Balwen Welsh Mountain sheep
The Balwen Welsh Mountain sheep is one of a number of varieties of Welsh Mountain sheep, bred for sheep farming in Wales. It has a distinctive colour pattern of a black body with white extremities. It originates from the Tywi valley in Wales. This breed is raised primarily for meat.
The Balwen sheep has a base colour of black, fading to brown in sunlight and greying with age. It has a white blaze on the face, four white feet (referred to as socks), and white covering the last half or more of the tail – the tail is normally left undocked. Otherwise it is of similar type to other Welsh Mountain Sheep. Males have horns, and females are naturally polled.
The name Balwen comes from the Welsh elements bal, "blaze", and wen, "white".
Balwen Welsh Mountain sheep originate from one small area of Wales – the Tywi valley. This area was hit badly by the very severe British winter of 1946-1947, and the breed was nearly wiped out – only one ram was amongst the survivors. All modern Balwen sheep are therefore presumably descended from this one ram, although it is possible that some of the ewes may have been in lamb to rams that did not survive the winter. Outcrossing with other types of Welsh Mountain sheep may also have occurred, and this would have increased the genetic diversity of the breed. During the 1950s and 1960s a steady increase took place, and in the 1970s people outside the valley began to take an interest in the breed. The Balwen Welsh Mountain Breed Society was formed in 1985, and numbers are gradually increasing further.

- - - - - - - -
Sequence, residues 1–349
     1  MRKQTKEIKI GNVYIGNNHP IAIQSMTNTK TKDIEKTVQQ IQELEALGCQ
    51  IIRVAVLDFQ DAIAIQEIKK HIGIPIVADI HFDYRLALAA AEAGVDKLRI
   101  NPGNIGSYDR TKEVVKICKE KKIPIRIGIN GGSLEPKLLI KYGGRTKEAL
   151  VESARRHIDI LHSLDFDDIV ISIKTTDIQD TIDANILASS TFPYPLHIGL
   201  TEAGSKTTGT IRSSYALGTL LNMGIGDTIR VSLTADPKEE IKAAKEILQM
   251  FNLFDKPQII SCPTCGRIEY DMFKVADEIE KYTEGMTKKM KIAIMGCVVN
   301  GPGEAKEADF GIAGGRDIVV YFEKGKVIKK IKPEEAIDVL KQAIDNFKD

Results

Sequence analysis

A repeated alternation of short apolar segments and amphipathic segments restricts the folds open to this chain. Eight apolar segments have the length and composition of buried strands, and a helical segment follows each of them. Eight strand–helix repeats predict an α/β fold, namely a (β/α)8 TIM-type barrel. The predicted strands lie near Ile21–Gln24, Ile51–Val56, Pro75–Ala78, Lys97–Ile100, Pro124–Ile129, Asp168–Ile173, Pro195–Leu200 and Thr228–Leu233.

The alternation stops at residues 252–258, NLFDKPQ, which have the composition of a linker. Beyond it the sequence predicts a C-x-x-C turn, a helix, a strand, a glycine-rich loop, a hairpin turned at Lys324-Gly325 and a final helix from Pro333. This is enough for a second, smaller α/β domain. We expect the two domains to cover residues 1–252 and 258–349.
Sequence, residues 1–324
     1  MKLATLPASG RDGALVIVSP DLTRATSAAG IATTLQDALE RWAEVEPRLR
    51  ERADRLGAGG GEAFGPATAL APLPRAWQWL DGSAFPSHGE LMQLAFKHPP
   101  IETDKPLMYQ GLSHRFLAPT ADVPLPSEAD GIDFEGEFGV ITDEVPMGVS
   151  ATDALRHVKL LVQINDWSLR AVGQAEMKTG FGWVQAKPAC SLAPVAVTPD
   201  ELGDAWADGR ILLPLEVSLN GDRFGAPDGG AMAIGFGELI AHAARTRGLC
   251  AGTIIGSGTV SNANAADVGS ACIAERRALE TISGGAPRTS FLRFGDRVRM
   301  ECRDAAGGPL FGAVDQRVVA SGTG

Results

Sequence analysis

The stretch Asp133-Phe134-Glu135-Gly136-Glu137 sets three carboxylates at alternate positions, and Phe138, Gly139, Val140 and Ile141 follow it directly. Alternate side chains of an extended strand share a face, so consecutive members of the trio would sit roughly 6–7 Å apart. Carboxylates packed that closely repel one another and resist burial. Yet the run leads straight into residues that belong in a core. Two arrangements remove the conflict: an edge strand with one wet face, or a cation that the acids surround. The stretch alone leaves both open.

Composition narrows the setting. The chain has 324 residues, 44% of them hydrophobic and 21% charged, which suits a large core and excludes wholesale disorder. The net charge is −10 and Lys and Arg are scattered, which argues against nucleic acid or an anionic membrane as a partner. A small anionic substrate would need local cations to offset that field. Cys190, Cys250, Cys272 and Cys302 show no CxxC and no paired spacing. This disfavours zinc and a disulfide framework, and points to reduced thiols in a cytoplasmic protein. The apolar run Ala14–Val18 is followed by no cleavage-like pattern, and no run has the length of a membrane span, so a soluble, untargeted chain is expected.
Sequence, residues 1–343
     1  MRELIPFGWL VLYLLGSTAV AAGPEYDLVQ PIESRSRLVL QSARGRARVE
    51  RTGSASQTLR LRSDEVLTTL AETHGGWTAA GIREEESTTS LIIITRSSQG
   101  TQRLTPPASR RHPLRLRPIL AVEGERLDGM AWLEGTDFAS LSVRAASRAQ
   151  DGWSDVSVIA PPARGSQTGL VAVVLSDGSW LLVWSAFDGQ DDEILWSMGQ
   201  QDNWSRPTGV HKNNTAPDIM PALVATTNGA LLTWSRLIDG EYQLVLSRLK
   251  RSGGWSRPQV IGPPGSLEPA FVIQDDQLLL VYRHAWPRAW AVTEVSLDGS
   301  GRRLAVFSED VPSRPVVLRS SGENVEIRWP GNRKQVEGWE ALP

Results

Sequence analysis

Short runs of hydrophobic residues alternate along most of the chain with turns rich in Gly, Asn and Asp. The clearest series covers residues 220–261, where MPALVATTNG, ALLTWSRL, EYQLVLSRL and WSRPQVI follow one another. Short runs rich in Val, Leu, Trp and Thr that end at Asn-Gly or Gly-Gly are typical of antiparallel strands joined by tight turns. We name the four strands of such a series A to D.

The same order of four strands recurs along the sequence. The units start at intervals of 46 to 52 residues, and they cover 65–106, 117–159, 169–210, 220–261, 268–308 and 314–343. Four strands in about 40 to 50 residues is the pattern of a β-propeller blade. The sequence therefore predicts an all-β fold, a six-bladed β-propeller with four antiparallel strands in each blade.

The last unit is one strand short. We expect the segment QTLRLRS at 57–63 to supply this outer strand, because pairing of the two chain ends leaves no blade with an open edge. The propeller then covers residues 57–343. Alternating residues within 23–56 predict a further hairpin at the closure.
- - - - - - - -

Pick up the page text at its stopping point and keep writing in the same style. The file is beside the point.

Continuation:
The breed is listed by the British Rare Breeds Survival Trust as Vulnerable.
The Balwen is becoming popular among smallholders and farmers alike, mainly due to its attractive markings, hardiness, ease of care and excellent meat. The ewes make excellent mothers, having very few lambing problems and plenty of milk to feed the lambs. At their first lambing, most ewes have single lambs. But after that, under the right conditions many twin, and some have even reared triplets. Their wool is graded as soft/medium, and with a medium length staple of 5 - 7.5 cm and a diameter of 32.3 micrometres, it is easy to spin.
- Zwartbles, an unrelated breed with a similar colour pattern
|Wikimedia Commons has media related to Balwen sheep.|
- "Balwen/United Kingdom". Breed Data Sheet. Domestic Animal Diversity Information System. Retrieved 2009-09-09.